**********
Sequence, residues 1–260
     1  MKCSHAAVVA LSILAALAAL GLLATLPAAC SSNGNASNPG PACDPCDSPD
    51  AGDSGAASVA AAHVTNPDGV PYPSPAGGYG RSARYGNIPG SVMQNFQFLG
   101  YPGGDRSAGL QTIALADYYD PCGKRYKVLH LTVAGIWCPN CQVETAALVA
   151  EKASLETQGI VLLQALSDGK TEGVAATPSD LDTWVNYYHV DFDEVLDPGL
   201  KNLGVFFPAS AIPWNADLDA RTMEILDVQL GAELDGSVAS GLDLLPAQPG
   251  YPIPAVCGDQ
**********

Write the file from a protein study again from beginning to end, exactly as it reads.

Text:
Sequence, residues 1–260
     1  MKCSHAAVVA LSILAALAAL GLLATLPAAC SSNGNASNPG PACDPCDSPD
    51  AGDSGAASVA AAHVTNPDGV PYPSPAGGYG RSARYGNIPG SVMQNFQFLG
   101  YPGGDRSAGL QTIALADYYD PCGKRYKVLH LTVAGIWCPN CQVETAALVA
   151  EKASLETQGI VLLQALSDGK TEGVAATPSD LDTWVNYYHV DFDEVLDPGL
   201  KNLGVFFPAS AIPWNADLDA RTMEILDVQL GAELDGSVAS GLDLLPAQPG
   251  YPIPAVCGDQ